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The New York Times Sues OpenAI and Microsoft: AI Copyright Impact

The New York Times (NYT):

The New York Times (NYT) has become the first major news publisher to sue OpenAI and Microsoft, the maker of ChatGPT and other popular artificial intelligence (AI) platforms, citing “unlawful” use of copyrighted material.

The lawsuit says the defendants extensively scoured The New York Times (NYT’s) original content to build their models and formulate responses. “Defendants seek to exploit The Times’s massive investment in journalism,” the complaint says, accusing OpenAI and Microsoft of “using the content without payment to create products that replace The Times and take its audience away.”. Microsoft has made a major investment in OpenAI.

It’s a fight that could shape the legal framework around intellectual property (IP) rights in the era of generic AI platforms. It is also emblematic of the larger debate about how generic AI platforms could impact those in the creative industry, given that such systems are built on work done by creators of original content, which is then used by an algorithm. Is synthesized through medium and presented as fresh. Information by an AI system.

Earlier this year, two US authors also sued OpenAI, claiming in a proposed class action that the company misused their works to “train” ChatGPT.

What is the NYT’s main contention against OpenAI and Microsoft?

The lawsuit, filed in federal district court in Manhattan, argues that millions of articles published by the publication were used to train automated chatbots that now compete with news outlets as sources of reliable information.

The New York Times (NYT) reported that it had contacted Microsoft and OpenAI in April to raise concerns about the use of its intellectual property and to explore an “amicable solution,” which would possibly include a commercial agreement and a “technical agreement” around generic AI products. Railing” included. But the talks did not yield any solution, the publication said.

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The New York Times (NYT): The publication also alleges that OpenAI and Microsoft’s large language models, which power ChatGPT and Copilot, “can generate output that closely summarizes the Times’ content verbatim.” and imitates his expressive style.” This “undermines” and harms the Times’ relationship with readers while also depriving it of “subscription, licensing, advertising, and affiliate revenues.”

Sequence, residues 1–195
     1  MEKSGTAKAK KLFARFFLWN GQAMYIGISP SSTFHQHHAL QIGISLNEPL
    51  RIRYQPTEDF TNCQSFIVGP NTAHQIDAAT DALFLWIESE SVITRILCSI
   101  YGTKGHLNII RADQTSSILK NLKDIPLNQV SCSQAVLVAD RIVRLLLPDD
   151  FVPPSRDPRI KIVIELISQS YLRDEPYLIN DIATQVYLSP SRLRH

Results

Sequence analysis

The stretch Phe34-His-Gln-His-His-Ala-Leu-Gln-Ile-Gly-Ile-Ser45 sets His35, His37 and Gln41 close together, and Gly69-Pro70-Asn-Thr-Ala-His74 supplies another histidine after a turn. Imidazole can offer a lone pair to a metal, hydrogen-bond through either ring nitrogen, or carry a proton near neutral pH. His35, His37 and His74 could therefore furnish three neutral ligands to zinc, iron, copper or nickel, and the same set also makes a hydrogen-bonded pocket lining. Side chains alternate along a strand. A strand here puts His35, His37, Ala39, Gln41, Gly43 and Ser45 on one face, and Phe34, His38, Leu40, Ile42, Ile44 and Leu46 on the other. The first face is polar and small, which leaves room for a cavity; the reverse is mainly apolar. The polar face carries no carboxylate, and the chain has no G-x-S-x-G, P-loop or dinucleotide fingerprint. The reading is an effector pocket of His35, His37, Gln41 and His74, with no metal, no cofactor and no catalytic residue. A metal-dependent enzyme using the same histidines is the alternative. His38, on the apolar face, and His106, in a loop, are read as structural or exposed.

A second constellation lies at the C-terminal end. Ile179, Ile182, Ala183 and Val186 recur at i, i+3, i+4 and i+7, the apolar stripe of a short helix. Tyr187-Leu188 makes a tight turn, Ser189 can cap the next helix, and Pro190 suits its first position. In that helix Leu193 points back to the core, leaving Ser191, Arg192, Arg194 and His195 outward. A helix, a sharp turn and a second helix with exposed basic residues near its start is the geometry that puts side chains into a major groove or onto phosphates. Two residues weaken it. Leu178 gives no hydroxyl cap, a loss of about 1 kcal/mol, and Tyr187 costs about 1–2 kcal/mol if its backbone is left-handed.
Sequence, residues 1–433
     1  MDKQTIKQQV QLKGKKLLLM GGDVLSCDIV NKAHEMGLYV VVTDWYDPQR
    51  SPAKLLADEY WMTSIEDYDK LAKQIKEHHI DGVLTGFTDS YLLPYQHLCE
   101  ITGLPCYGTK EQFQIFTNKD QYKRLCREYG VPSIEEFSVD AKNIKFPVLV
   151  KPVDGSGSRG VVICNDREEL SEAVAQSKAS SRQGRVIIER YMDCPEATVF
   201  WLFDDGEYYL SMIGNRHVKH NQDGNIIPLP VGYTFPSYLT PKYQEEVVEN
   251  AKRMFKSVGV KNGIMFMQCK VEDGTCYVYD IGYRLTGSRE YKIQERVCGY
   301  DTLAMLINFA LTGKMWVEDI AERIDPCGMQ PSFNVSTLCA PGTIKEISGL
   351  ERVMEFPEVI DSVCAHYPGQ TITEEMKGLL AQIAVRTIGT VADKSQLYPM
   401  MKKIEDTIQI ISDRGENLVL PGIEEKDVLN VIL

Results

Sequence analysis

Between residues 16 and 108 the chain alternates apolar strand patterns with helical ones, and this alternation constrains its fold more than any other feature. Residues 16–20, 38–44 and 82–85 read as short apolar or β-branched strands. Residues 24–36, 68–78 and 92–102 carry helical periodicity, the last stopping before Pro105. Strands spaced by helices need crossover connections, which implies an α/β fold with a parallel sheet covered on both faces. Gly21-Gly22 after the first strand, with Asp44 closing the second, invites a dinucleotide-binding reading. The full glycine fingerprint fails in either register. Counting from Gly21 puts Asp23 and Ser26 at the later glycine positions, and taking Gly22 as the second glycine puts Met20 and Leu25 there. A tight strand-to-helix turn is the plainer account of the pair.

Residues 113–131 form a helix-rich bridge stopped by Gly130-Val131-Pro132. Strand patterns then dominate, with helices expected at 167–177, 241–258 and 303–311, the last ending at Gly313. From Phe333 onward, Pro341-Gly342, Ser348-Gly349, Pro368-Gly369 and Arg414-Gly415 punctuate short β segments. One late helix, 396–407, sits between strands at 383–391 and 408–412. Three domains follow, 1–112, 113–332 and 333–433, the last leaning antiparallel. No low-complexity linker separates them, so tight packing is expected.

The lawsuit said the “unlawful use” of the newspaper’s “copyrighted news articles, in-depth investigations, opinion pieces, reviews, how-to guides, and more” to create an artificial intelligence product interfered with the Times’s ability to provide that service. Puts in danger. ,

Sue A.I. highlights the potential damage it could do to The Times’ brand. “Hallucinations”, a phenomenon in which chatbots respond with false information that is later falsely attributed to a source.

In August, The New York Times (NYT) blocked OpenAI’s web crawler, preventing the company from using the publication’s content to train its AI models.

AI and IP Rights

Generative AI platforms like ChatGPT and Google’s Bard have sparked debate over IP rights over original content on the Internet.

The responses that AI platforms like ChatGPT and Bard generate are based on millions of pieces of text that creators, including news publishers, have uploaded online.

The music business is also pushing for the use of AI in the industry. For example, Universal Music Group has asked streaming services like Spotify to stop developers from scraping their content to train AI bots in creating new songs.

This debate is gaining momentum at a time when countries across the world, including India, have antiquated copyright laws that need to be re-imagined, keeping the AI wave in mind. For example, in India, creative works are regulated under the Copyright Act 1957.

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The definition of “author” under the Act includes any literary, dramatic, musical, or artistic work that is computer-generated and the person who creates the work. But that definition doesn’t take into account the fact that AI systems don’t generate information themselves. They are, simply, as good as the base dataset they are trained on. And the base dataset is created by copyrighted works produced by other authors.

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